This theme of home, finding a home, or returning home like a “prodigal son” is timeless, isn’t it? I feel it has much to do with Mexican and Chicano history. After 1848 and the Treaty of Guadalupe the lines of demarcation shifted creating “strangers in their own land” for Mexicans and Californios. Yes, this has happened over a hundred and sixty years ago but the mentality still prevails. To Mexican Americans the U.S. is home to them, but they are made to feel as if they don’t fit in. When you don’t fit in, then you don’t “feel at home,” hence you are in a perpetual search for a home. It is especially true for Generations 1.5 Mexicans and first-generation, native-born Mexican Americans (Chicanos). They are likely to have been raised in areas where they lack resources and quality public education. If these generations do not wish to perpetuate their poverty and disadvantage, then they must leave “home” to pursue an education and/or better economic opportunities.
When they go off to college to the big city they may find that they don’t fit out there either. Perhaps they may feel they have turned their backs on their origins. Eventually there comes a longing for home, but the return means having to resolve conflicts and ease strained relationships. You see this in “My Father’s Ways of Getting His Jobs Done.”
To talk further about home (and exile) in Latino Letters would warrant a dissertation. However, The Date Fruit Elegies contributes something different to this body of work because the speaker has come to terms with his Chicano and American identity (Superman’s his hero) in order to be settled in America, particularly the West. He’s here to stay, whether he’s wanted (hopefully) or not. Neither he nor his parents, whose underlying identity is that of Mexican immigrants, show a desire to return to la Madre Patria, or Motherland.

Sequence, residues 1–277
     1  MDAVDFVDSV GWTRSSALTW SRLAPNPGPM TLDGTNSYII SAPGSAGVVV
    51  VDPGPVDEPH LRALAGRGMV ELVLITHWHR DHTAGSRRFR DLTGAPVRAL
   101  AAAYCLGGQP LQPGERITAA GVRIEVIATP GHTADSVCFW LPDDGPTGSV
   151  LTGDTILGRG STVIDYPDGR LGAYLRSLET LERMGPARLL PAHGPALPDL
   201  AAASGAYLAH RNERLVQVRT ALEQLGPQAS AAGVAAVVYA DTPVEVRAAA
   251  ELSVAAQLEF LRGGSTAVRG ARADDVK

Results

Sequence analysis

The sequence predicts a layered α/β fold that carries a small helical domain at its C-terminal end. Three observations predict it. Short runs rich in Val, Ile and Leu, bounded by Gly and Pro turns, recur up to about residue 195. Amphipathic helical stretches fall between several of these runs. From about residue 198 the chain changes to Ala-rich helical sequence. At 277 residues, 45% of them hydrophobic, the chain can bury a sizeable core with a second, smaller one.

The landscape and language of Mexican labor in The Date Fruit Elegies will remind readers of the work of Juan Felipe Herrera, the recent recipient of the National Book Critics Circle Award in poetry. You are both California Chicanos and the cultural legacy of the Mexican community thrives in your poetry. (This is even evident in your book cover, a re-imagining of the Mexican lotería!) Where do you see the next generation of Chicano poets moving in their work? Do you think Herrera’s accolade will change the reception of Chicano poetry in the literary industry?
Recognizing Juan Felipe Herrera’s work at such a prestigious level is long overdue. He is one of the few prolific Chicano poets we have. When a poet like Herrera wins something, I feel I win something, too. We all do.
I believe the reception of Chicano poetry has changed for the better in the last 10+ years. In 1995 and 2002 The National Book Awards named Gary Soto and Alberto Ríos, respectively, finalists. The seven-year cycle is up so maybe they will recognize another Chicano soon?
Just in the 2000s I’ve seen a boom in Chicano and Latino poetry publishing. I hope that’s the result of greater quality of writing coming from us, than something this is en vogue. Bilingual Press, who has been recognizing our literary and artistic merits for decades, has stepped up their efforts by introducing the Canto Cosas poetry series, of which I’m the inaugural poet, to continue their “commitment to producing high-quality poetry.” But certainly I am happy to see that fine presses like Tupelo, Southern Illinois University, and Carnegie-Mellon have started publishing Chicano and Latino poets.
Chicano writers today will continue writing about what is relevant to their communities. Chicago poet Paul Martínez Pompa writes about police brutality, whereas Arizona poet Eduardo C. Corral writes about border crossing. Some Chicano and Latino poets, like Steven Cordova, are going beyond the tradition because they now have the license to do so. Cordova, a Canto Cosas poet, was born in San Antonio, but is a long-time NYC resident. His first book deals with his identity as a male living with HIV. We need both these types of writers to show the literary world the full gamut of our talents.